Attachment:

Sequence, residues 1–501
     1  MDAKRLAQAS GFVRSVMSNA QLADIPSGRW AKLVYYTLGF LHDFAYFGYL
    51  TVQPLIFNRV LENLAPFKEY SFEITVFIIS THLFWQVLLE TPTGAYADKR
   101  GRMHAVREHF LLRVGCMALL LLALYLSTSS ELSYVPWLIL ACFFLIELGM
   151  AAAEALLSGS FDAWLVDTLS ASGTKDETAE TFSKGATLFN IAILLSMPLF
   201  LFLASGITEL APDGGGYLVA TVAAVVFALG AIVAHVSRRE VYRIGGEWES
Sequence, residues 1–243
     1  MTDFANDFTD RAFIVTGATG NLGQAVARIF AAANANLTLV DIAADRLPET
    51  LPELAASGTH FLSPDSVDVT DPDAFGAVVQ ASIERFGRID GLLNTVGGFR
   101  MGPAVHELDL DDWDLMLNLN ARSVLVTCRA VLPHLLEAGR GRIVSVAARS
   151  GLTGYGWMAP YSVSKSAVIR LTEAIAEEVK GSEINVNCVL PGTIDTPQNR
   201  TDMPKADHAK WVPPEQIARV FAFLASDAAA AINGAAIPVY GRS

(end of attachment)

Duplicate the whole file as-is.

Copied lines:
Sequence, residues 1–501
     1  MDAKRLAQAS GFVRSVMSNA QLADIPSGRW AKLVYYTLGF LHDFAYFGYL
    51  TVQPLIFNRV LENLAPFKEY SFEITVFIIS THLFWQVLLE TPTGAYADKR
   101  GRMHAVREHF LLRVGCMALL LLALYLSTSS ELSYVPWLIL ACFFLIELGM
   151  AAAEALLSGS FDAWLVDTLS ASGTKDETAE TFSKGATLFN IAILLSMPLF
   201  LFLASGITEL APDGGGYLVA TVAAVVFALG AIVAHVSRRE VYRIGGEWES
Sequence, residues 1–243
     1  MTDFANDFTD RAFIVTGATG NLGQAVARIF AAANANLTLV DIAADRLPET
    51  LPELAASGTH FLSPDSVDVT DPDAFGAVVQ ASIERFGRID GLLNTVGGFR
   101  MGPAVHELDL DDWDLMLNLN ARSVLVTCRA VLPHLLEAGR GRIVSVAARS
   151  GLTGYGWMAP YSVSKSAVIR LTEAIAEEVK GSEINVNCVL PGTIDTPQNR
   201  TDMPKADHAK WVPPEQIARV FAFLASDAAA AINGAAIPVY GRS